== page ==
How can you tell if a neighborhood is safe, friendly, walkable, & successful? Advocates for great streets & neighborhoods look for clues as to what makes neighborhoods great, so what are some clues?
Kids are often used as an “indicator species”–meaning, if kids use it, it must be great–and a common test is the Trick-or-Treat Walkability Test. Brent Toderian, an urban planner in Vancouver, BC, had an article a few years ago on this Trick-or-Treat Test, and as my partner and I handed out over 300 pieces of candy last night, despite 29ºF weather, I decided our neighborhood hits the nail on the head.
Our street is somewhat of a special case, in that it is blocked off from car traffic for Halloween. We also recruit a food truck, which means whole families and even single adults are drawn to our block. But while these things help, there is no way we’d get hundreds of kids if our houses were unapproachable or the density were too low or the street didn’t feel safe.
By any account, the Morningside neighborhood of Edina, MN, is a curious place. Platted as Minneapolis’ first streetcar suburb, it was at one point its own incorporated village. In fact, some of the very reasons it broke off from Edina have to do with what makes it so great today: sidewalks and street lights, which the farmers in the rest of Edina thought were too urban in 1920.
When you look at a map of Edina, Morningside is that rectangular little blip that sticks out of the northeast corner.
As a very old suburb, the neighborhood is more akin to an urban grid than to suburban cul-de-sacs, with mostly straight streets that meet at 90º angles. One distinguishing characteristic is that each block is twice the length of a Minneapolis block, which may have to do with maximizing the number of houses within walking distance of the streetcar line. So our Halloween block party is the equivalent of 2 Minneapolis blocks.
Morningside has mostly narrow streets, enough for one car in each direction, and parking on only one side. All streets have the state default 30 mph speed limit. Except for breaks due to topography, all north-south streets have sidewalks on both sides. These attributes make the streets safe & comfortable for pedestrians to cross, especially compared to a 45 mph suburban “stroad”.
North-south streets also have pedestrian-friendly streetlamps and mostly tree-lined streets. The fact that the boulevards (the space between the sidewalk and the curb) are so narrow means that “street trees” can’t go there and are thus at the mercy of each homeowner; and since tear-downs have become rampant in the neighborhood, we have lost quite a bit of sidewalk shade in the past decade. Overall, though, sidewalks are a pleasant experience.
As I watched kids & adults parade up & down the street, it was interesting to notice how parents generally kept little kids on the sidewalks, even though the street was closed. Teenagers more often than not frolicked in the middle of the street, not unlike Edina’s Open Streets on 50th event a few weeks ago.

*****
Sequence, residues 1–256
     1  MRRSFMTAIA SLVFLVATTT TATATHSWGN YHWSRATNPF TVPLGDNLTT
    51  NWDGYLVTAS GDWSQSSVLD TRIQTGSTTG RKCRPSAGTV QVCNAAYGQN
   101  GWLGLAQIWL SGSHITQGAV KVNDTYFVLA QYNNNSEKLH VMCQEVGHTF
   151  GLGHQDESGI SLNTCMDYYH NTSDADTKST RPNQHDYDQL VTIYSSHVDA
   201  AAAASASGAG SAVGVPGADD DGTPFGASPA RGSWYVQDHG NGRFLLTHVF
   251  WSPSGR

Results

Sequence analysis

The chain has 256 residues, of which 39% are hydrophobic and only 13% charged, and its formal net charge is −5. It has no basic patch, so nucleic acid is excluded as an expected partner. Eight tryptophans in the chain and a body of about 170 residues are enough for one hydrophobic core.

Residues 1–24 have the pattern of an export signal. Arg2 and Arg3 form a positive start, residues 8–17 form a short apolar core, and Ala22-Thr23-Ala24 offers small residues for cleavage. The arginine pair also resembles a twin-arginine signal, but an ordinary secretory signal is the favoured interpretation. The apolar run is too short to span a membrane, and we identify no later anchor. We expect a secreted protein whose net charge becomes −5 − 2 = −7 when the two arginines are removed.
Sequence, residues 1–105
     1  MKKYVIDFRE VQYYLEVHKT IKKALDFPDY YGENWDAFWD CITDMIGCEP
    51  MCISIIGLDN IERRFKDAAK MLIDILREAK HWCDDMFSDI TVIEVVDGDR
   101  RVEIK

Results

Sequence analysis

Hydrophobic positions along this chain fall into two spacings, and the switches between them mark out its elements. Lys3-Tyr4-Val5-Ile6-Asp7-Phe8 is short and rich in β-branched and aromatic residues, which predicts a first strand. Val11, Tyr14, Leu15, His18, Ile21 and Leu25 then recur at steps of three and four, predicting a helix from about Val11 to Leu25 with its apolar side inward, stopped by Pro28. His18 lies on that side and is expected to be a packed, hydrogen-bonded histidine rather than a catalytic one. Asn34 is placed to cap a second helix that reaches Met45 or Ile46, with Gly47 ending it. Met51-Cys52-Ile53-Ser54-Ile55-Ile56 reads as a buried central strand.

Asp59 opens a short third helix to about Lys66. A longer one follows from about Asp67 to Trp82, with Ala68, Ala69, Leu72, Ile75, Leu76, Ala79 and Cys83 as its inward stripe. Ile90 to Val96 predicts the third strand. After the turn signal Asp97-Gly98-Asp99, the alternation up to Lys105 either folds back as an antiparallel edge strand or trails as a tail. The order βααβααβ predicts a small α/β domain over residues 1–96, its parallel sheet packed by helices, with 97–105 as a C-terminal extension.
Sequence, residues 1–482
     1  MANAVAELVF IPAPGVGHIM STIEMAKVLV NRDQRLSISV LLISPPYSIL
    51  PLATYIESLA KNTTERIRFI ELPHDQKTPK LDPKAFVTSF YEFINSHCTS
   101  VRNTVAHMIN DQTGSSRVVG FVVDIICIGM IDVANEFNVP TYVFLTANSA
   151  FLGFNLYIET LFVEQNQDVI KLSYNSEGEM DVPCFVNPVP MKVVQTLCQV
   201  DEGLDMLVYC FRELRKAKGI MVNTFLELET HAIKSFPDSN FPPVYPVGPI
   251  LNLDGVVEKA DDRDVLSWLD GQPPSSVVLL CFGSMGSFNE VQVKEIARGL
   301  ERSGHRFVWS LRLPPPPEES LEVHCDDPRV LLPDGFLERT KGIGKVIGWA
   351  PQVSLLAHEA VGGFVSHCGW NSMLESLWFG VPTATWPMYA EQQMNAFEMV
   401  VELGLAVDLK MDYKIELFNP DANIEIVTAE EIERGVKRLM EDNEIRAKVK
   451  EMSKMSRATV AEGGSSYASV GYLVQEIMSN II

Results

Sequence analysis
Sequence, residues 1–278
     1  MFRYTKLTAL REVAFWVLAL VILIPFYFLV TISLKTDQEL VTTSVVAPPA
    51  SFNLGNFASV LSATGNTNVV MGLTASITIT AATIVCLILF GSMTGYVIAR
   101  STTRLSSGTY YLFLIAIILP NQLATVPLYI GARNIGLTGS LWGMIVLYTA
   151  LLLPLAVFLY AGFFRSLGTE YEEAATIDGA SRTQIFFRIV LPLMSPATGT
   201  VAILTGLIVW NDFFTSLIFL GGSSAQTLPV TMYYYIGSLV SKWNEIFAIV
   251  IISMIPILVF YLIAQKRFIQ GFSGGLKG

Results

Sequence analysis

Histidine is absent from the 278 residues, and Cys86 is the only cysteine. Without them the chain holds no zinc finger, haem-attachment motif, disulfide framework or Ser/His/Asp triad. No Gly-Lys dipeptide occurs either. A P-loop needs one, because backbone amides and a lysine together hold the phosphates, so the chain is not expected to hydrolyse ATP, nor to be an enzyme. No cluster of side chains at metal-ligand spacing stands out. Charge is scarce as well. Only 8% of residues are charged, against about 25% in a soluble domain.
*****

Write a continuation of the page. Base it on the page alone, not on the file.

With Halloween now reportedly America’s second most-decorated holiday, and with participation not tied to any religion or ethnicity, virtually every house on the block participates. It’s a great community-building event, with decorations running the gamut from paper decorations in the windows to fire pits in the front yard & street to full-bore horror centers at two of the houses, including themed music, fog machines, and even a garage of horrors!
One thing that makes it so great for kids is that, while the lots are deep, they are only 50 feet wide, narrower than in many suburbs. The deep lots allow garages to be tucked back behind the houses, especially the older ones. There is an interesting mix of housing styles, ranging from cozy bungalows & foursquares (not unlike much of Minneapolis & St. Paul), to mid-century ranches & cape cods, to brand new houses on double lots. On our block, at least, new houses tend to be architect-designed, so there are no so-called snout houses, dominated by a prominent garage and a recessed front door, so anathema to street friendliness. One did just go up around the corner, however, so we’re not immune. These attributes make it a quick jaunt for kids to go from house to house, and leave plenty of living-space windows facing the street, increasing Jane Jacobs’ “eyes on the street” and thus comfort & safety.
All this anecdotal data is backed up by an excellent, by suburban standards, Walk Score. A testament to just how long the blocks are, the Walk Score varies from 73 (Very Walkable) to 61 (Somewhat Walkable) at opposite ends of the block. This good score is due not only to the short distance between houses, but also that our nearby neighborhood commercial node at 44th St. & France Ave. is a former streetcar intersection. It also happens to be our border with Minneapolis which, with its denser lots and “missing middle” housing, supports a large variety of small businesses along 44th St. east to Linden Hills.
Narrow streets & lots, plentiful sidewalks & lighting, a tree canopy, street-friendly housing, and a great walk score add up to a very pedestrian-friendly neighborhood that kids of all ages go trick-or-treating on. Morningside passes the Trick-or-Treat Walkability Test with flying colors.
Lou Miranda resides in Morningside, and is Vice-Chair of the Edina Transportation Commission
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